SXSW musical journey through Latin America

La Dame Blanche at SXSW. Photo by Nancy Flores/American-Statesman

At South by Southwest, where acts from all around the world descend on Austin, it’s easy to take a musical journey to any part of the globe. On Friday night, the sounds of Latin America took me on a sonic trek to Colombia, Cuba and Venezuela.

At the Sounds from the World showcase at the Russian House, Aluvión Afrobeat Pacifico led the dance party with Afro-Colombian rhythms from the South American country’s Pacific Coast. The group’s lead singer leapt off the stage to lead the energetic crowd in some dance moves. The killer marimba sound plus charismatic stage presence makes Aluvión a band that must be experienced live.

In 2015, SXSW presented its first Sounds from Cuba showcase and I was glad to see a strong lineup return this year. Among the top artists billed for the show was Yaite Ramos Rodriguez, aka La Dame Blanche. Rodriguez strutted on stage wearing a white cape and smoking a cigar. As if her magical blend of hip-hop with a bit of cumbia, dancehall and reggae wasn’t enough, Rodriguez also takes command of the stage when she whips out a flute to round out her sexy, soulful sound.

For the first time at SXSW, the festival presented a Sounds from Venezuela showcase featuring seven bands including rockers La Vida Bohème. The band’s third album “La Lucha,” which was produced by Calle 13 co-founder Eduardo Cabra (Visitante), releases on March 24. La Vida Bohème’s Friday performance included many of the new songs as well as plenty of the older anthems that fans love to sing like “Radio Capital.” When the lights at the Speakeasy dimmed for their show, the reflection of their matching jackets continued to glow. La Vida Bohème’s live shows never disappoint. They have one last SXSW performance at 11:20 p.m. March 18 at Palm Door on Sixth.

5 Reasons You Should Attend Pa’l Norte Music Fest


Pa’l Norte music festival in Monterrey, Mexico, takes place at Parque Fundidora park. Photo by Nancy Flores

With the absence of the Pachanga Latino Music Festival in Austin this spring, I headed south of the border this weekend to see if the Pa’l Norte fest in Monterrey, Mexico, might be a good alternative for Central Texans. The two-day music festival, which launched in 2012 and drew about 134,000 festivalgoers this year, has been gaining buzz in the Mexican festival circuit and beyond.

As a veteran music festival goer, I found that Pa’l Norte has a lot to offer both Latin music nerds (like me) and those seeking to kick back and enjoy the festival atmosphere while soaking up the sounds of spring.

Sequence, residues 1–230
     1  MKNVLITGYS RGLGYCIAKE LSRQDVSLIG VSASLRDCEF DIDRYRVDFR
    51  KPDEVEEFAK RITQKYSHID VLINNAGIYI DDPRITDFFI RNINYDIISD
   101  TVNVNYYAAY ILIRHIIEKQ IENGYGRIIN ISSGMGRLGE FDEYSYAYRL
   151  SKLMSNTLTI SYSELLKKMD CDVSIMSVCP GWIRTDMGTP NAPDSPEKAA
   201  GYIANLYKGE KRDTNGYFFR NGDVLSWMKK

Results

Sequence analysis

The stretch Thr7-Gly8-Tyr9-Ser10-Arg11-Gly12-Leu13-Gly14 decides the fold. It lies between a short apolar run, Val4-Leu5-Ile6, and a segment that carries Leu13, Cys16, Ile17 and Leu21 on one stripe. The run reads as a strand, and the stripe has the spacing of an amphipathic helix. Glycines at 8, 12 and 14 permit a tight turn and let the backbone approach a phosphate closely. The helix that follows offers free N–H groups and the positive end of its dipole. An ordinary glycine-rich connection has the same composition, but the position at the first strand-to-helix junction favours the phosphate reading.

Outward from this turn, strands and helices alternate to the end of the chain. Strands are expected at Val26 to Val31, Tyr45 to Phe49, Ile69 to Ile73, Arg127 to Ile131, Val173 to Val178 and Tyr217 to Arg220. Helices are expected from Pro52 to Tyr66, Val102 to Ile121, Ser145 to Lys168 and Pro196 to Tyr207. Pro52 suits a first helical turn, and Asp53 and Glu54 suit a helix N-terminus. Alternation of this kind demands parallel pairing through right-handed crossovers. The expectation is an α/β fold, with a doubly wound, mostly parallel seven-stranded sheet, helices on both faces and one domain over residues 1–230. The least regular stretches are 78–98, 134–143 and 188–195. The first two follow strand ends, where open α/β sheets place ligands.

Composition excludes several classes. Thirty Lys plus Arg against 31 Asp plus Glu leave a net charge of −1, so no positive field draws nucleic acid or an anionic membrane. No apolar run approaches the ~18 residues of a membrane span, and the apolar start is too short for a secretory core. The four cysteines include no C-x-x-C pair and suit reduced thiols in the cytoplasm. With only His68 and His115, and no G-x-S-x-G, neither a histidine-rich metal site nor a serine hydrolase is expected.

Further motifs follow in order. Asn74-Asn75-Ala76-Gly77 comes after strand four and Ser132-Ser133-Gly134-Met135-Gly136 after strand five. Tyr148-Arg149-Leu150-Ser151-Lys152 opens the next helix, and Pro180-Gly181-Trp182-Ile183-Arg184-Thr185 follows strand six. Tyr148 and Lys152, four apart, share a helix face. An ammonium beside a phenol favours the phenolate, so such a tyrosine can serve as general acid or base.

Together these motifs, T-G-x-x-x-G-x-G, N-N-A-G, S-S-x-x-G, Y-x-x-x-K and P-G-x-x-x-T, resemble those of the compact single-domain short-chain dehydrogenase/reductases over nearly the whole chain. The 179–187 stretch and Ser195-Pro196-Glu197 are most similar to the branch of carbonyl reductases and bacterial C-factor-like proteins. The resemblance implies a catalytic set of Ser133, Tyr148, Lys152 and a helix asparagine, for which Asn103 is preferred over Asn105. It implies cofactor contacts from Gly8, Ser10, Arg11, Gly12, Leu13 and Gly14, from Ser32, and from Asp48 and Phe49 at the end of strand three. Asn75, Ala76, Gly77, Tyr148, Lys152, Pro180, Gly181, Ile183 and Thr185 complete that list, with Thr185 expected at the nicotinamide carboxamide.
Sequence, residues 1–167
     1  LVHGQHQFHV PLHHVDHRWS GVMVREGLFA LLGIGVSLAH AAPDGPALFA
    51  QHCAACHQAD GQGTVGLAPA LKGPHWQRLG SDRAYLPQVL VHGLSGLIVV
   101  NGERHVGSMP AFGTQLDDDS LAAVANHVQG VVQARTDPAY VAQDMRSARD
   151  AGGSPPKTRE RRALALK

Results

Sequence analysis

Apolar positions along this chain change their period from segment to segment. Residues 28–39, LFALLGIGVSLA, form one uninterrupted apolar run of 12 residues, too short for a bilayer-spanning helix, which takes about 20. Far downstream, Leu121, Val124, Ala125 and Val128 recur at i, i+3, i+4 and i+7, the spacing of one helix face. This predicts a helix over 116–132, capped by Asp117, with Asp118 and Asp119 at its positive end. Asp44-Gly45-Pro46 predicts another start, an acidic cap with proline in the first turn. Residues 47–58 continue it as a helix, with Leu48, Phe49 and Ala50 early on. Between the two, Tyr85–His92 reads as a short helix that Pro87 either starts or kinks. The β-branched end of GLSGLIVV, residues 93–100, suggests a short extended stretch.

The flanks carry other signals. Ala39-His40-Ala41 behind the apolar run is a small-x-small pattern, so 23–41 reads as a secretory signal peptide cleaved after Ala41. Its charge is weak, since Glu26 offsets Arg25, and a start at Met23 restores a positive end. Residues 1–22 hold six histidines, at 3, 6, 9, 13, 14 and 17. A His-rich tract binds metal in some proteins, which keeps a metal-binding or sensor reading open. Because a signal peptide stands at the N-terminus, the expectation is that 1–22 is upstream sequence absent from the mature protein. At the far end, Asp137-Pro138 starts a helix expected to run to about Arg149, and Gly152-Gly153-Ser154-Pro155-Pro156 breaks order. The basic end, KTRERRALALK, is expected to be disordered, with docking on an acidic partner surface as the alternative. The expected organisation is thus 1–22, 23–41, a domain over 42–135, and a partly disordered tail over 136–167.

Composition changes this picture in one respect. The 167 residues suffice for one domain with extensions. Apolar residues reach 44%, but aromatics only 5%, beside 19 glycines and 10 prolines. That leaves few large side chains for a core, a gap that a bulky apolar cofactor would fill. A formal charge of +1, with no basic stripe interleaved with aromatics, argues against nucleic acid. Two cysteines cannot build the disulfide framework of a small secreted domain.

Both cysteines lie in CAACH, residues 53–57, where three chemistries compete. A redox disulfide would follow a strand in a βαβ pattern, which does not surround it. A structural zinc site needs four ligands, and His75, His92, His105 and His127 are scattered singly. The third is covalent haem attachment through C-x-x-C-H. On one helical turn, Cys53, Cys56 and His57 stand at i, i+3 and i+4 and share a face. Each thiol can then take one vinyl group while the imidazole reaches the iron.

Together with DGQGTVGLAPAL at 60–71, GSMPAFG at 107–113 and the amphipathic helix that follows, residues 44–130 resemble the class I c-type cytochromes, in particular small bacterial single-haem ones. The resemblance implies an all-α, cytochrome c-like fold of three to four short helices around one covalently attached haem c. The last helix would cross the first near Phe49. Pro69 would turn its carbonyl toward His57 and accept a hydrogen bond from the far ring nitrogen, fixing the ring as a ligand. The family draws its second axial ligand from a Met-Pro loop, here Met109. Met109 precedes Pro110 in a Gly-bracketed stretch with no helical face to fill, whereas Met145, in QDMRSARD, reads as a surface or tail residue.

At Pa'l Norte fest, you can enjoy mountain views while enjoying the music.

At Pa’l Norte fest, you can enjoy mountain views while enjoying the music. Photo by Nancy Flores

Here are five reasons to check out Pa’l Norte:

  1. Hanging out in Monterrey rocks. From its Barrio Antiguo (Old Town District) to upscale rooftop bars with dramatic mountain views of the city, Monterrey has something for every festgoer. While cartel-related violence kept tourists away from Mexico’s third largest city for years, the crime rate in recent years has reduced dramatically and the city has been rebounding nicely. Music fest visitors should take time to visit some of the city’s main attractions beyond the festival grounds like the Paseo de Santa Lucía, which is the city’s version of the Riverwalk. Don’t leave the city without trying some of the city’s famous cabrito, or goat meat.
  2. It’s closer than you think. Although there’s an international border between us, Monterrey is just a 45-minute flight from San Antonio. It’s a six-hour drive, though, authorities still recommend against that. If you’d rather check out Coachella, that’s more than 17 hours away driving to California. Or maybe you want to hang out at Lollapalooza in Chicago? Well that’s more than 16 hours on the road.
  3. More bang for your buck. Pa’l Norte festival two-day passes range from $56-$76 for general admission. VIP two-day tickets range from $112-170. A three-day VIP ticket at ACL is $1100. We chose to stay at the luxury  Habita Monterrey Hotel, which cost $130 a night on Expedia. It’s hard to beat that price for the same quality hotel in Austin. Using the ride-sharing service Uber, which launched in Monterrey last year, and the city’s efficient subway system made it easy and affordable to navigate the city without a car at an affordable price.
  4. Awesome music, of course. From legendary acts like rockers Caifanes to emerging artists like alternative pop duo Pedrina y Río of Colombia, the musical offerings are diverse. There’s also plenty of non-Latin music acts, too. This year rapper 50 cent, German DJ and music producer Felix Jaehn, The Original Wailers, Naughty by Nature and Irish indie rock band Two Door Cinema Club were among the performers.
  5. It’s an idyllic setting for a fest. The festival grounds are at Parque Fundidora, a sprawling park on the former grounds of a steel foundry that also feature youth baseball fields, a Ferris wheel, ponds and paddle boats. With the backdrop of the picturesque mountains that ring the city, it’s the perfect place for a weekend of music.

SXSW announces free, Latin music showcase

Intocable will headline all-Latino SXSW showcase.
Intocable will headline all-Latino SXSW showcase.